As the battle continued unabated next door, I cautiously snaked one hand out from under the bed and felt blindly along the edge of the coverlet until I located my guidebook. More crockery shattered beyond the brick wall. The old man unleashed yet another litany of invectives at his companion. The old woman responded in kind.

Basta! BASTAAA!!!” she spat.

I burrowed deeper beneath the bed and paged through the guidebook to the “Helpful Words and Phrases” section until I found the B’s.

Basta {interjection}: enough; “that’ll do!”

Enough? From my perspective under the bed it sounded more like “May God have mercy on your soul, you rat bastard!!!”

By the time the last dapples of sunlight had slipped into shadows, my neighbors had mercifully retreated to their respective corners. Rich, spicy aromas wafted in through the open balcony window and I was overcome with hunger. Encouraged by the fact that the armistice next door had lasted a full and unabated five minutes, I pulled myself from under the bed and headed out the door in search of dinner. Hunger always bested fear in the end.

•••

When I mentioned to people I was going to spend a week in Florence, Italy, alone, the invariable reaction (particularly from single women) was something along the lines of “Oooohh, maybe you’ll meet somebody! It’ll be just like that movie Under the Tuscan Sun!

I seriously doubted that this would be the case. I saw that movie. I liked that movie. But let me say, without a drop of false modesty, Diane Lane I most assuredly am not. Still, I could not deny the smallest, most fleeting of romantic musings in the weeks before I left Atlanta for Italy.

I had imagined spending the first night of my vacation in some lovely, out-of-the-way Florentine café, where I would while away the evening breathing in the same intoxicating air that had inspired Michelangelo and Botticelli, whilst a mustachioed waiter with impeccable old-world manners poured my wine and called me signorina with a twinkle in his eye. The music of Pavarotti would play softly in the background as a warm breeze lifted perfect waves of auburn hair from my creamy porcelain shoulders.

Somehow in this fantasy, my hair had grown about twelve inches into long, perfect waves.  I had also become ten years younger, twenty pounds thinner, and grown creamy porcelain shoulders worthy of display, as if I would somehow morph into a red-headed version of Veronica Lake as I passed through customs.

In reality, I had stumbled (quite literally, thanks to sleep deprivation and a misplaced cobblestone) into a café a few blocks from my apartment on the far side of the ancient Ponte Vecchio Bridge. The unsmiling waiter, mustachioed but with eyes more bloodshot than twinkly, barely spoke as he took my order and quickly disappeared into the kitchen. It was a lovely, late September evening, but there was not another soul to be found on the restaurant patio. For a moment I wondered what the crowds of people spilling out of the trattoria next door knew that I didn’t, and if I had just wandered into the Florentine equivalent of Denny’s.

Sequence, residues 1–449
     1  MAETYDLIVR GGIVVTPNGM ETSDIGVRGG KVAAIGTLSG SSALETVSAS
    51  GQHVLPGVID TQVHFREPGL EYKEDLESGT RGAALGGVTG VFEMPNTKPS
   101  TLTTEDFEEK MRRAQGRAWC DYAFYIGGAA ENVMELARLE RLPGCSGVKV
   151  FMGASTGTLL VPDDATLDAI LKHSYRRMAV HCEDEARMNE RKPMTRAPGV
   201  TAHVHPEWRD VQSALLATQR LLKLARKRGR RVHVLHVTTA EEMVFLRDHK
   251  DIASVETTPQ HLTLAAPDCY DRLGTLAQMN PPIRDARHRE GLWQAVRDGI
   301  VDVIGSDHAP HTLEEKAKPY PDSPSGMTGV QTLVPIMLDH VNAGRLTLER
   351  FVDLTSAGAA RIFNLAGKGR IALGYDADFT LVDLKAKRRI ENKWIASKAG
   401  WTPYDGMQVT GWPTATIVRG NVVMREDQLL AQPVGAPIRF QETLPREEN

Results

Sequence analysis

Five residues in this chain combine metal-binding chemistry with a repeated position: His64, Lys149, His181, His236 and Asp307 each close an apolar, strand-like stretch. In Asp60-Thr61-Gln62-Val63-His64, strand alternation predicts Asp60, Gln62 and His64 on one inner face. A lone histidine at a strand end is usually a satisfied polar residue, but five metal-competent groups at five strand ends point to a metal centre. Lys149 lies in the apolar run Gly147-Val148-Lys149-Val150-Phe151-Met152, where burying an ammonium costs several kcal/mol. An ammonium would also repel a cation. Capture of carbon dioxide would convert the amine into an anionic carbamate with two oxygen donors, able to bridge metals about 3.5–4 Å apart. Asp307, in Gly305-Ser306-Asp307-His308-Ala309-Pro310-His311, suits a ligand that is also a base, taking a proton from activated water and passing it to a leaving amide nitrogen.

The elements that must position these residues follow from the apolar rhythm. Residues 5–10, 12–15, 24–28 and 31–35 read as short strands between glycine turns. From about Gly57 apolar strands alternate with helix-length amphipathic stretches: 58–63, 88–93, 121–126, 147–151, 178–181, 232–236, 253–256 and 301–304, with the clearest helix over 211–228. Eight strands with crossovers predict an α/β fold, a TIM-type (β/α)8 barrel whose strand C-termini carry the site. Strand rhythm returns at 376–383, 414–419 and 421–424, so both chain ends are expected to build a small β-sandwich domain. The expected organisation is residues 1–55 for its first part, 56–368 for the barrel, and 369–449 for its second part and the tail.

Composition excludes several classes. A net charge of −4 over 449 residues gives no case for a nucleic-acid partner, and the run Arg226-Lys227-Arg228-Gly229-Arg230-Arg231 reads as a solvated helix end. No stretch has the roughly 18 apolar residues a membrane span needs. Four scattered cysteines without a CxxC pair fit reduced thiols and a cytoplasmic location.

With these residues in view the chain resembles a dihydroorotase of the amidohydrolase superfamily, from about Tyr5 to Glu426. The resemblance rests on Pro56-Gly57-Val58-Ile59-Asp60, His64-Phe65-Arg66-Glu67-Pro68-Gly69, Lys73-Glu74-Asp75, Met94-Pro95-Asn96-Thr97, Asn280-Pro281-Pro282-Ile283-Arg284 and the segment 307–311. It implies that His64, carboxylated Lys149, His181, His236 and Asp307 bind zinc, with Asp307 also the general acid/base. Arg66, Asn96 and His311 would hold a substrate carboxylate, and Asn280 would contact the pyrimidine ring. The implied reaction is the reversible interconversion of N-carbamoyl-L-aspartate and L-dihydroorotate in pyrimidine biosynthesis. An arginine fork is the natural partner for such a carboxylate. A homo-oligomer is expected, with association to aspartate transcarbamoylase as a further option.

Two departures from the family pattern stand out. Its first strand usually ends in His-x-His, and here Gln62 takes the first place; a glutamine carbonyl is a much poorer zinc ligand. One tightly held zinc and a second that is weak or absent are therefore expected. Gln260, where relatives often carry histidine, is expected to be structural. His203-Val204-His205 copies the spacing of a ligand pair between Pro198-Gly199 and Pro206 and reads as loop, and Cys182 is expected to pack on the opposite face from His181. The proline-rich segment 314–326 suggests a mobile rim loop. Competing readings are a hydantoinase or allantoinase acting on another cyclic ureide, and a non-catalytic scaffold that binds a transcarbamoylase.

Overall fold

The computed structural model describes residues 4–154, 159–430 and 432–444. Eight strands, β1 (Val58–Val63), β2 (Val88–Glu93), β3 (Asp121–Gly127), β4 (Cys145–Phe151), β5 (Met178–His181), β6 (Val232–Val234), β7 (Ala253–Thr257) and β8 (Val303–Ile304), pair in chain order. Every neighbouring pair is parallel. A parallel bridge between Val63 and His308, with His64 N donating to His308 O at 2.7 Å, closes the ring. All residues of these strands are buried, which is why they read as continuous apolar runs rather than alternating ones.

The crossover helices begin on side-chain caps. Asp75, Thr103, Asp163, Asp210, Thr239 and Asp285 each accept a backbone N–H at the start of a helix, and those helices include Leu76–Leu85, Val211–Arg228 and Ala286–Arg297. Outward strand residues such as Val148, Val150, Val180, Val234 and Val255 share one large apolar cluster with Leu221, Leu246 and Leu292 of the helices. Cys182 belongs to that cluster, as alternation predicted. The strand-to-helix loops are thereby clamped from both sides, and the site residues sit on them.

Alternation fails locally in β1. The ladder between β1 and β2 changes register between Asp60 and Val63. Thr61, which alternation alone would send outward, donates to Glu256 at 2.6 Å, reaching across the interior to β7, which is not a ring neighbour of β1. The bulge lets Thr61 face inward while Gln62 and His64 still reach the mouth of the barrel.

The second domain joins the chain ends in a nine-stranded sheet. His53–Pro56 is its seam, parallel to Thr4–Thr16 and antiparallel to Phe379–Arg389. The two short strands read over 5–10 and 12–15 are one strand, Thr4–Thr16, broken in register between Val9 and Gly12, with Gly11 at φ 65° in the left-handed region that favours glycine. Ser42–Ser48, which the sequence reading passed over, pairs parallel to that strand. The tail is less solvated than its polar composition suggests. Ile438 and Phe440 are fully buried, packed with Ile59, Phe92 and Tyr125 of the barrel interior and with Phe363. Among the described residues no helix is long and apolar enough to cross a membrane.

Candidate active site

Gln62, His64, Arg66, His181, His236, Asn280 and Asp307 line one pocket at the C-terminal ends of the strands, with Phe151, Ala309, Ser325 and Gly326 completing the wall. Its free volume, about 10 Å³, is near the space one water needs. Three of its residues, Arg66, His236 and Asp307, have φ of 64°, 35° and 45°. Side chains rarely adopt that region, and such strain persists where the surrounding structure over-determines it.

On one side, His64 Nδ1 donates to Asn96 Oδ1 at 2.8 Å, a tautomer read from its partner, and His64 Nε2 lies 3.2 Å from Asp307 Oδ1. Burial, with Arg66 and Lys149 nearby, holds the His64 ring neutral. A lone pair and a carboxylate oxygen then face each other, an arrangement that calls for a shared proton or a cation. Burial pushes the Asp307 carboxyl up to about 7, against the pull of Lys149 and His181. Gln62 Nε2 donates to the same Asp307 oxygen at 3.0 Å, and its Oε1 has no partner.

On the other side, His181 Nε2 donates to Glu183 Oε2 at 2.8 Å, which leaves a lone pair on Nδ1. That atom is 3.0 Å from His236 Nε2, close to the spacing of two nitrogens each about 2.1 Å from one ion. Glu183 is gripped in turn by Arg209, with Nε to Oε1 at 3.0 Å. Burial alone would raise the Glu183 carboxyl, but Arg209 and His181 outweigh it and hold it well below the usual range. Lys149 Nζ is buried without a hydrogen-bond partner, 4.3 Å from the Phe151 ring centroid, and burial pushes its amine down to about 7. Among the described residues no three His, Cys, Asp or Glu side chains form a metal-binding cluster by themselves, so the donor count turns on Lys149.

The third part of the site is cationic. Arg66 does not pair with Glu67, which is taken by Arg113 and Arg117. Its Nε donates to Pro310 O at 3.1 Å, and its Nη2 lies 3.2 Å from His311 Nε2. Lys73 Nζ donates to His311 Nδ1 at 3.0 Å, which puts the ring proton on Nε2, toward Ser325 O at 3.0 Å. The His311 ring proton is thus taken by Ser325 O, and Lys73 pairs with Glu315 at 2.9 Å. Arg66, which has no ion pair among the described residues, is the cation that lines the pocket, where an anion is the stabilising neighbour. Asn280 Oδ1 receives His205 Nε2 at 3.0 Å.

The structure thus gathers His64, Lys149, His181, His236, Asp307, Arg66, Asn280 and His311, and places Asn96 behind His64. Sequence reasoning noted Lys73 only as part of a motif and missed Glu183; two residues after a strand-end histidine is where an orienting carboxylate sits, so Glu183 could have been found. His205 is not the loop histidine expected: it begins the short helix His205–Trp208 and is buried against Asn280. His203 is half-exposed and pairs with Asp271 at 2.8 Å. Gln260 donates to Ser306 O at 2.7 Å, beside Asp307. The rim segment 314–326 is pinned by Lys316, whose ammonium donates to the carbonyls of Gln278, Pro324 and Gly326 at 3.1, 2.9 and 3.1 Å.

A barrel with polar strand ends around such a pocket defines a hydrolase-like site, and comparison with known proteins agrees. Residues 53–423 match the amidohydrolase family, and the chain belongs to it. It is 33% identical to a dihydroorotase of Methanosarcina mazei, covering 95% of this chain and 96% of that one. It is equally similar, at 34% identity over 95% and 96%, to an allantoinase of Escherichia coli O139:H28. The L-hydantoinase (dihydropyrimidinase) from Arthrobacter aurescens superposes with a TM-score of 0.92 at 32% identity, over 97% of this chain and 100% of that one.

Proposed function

As I dined on mediocre bruschetta and overcooked ravioli in cream sauce washed down with copious amounts of Prosecco, a nice breeze began to blow. Alas, it did not lift long auburn waves from my (modestly covered) shoulders because I was in the process of growing out a horrifically bad haircut that had left me bearing a disturbing resemblance to my fourth grade school picture. If Pavarotti were playing softly in the background, I could not hear him over the tubercular-sounding cough emanating from somewhere deep inside the empty restaurant. I elected to take it on faith that the unfortunate consumptive had not prepared my food, but I nevertheless abandoned the remnants of pasta left on my plate. I didn’t want to carpe diem myself into a bad case of food poisoning on the very first night.

I felt a bit unsteady on my feet as I stood and made my way to the street. Perhaps I had exercised poor judgment in knocking back three glasses of wine in rapid succession after being awake for thirty-six hours straight. I took my time walking back to the apartment, peeking through shuttered windows into shops I might visit the next day and stopping to admire the moonlight as it danced across the surface of the Arno River.

One of my favorite aspects of travel is discovering the distinct smell that every city or country possesses. Every place I have ever visited lives in my memory according to its unique fragrance: the clean damp of Ireland, with notes of peat and wood smoke; the way the seventh arrondissement of Paris smells like butter and gruyere cheese melting into fresh, crusty bread; the metallic, energizing scent of New York City in December. Florence had a warm, ancient bouquet and a pleasant dustiness that was like breathing in the Renaissance itself.

As I stood by the river sucking up the essence of Italy, I detected a hint of musky cologne. I turned and found a man standing a few feet behind me, speaking Italian in my general direction. I looked over my shoulder. I assumed he was addressing someone else, but I was the only one there.

“Pardon?” I asked.

“You are American, yes?” he asked.

I thought it remarkable that he could place my accent based upon the utterance of only one word, but I quickly realized that as a nearly six-foot redhead I couldn’t exactly pass as a native.

“Yes, I am,” I offered hesitantly. I recalled a passage in my guidebook that warned of pickpockets and thieving bands of gypsy children who preyed upon American tourists. This guy certainly didn’t look menacing, in his well-tailored linen trousers and argyle sweater, but I was alone in a foreign country on a dark and largely deserted street.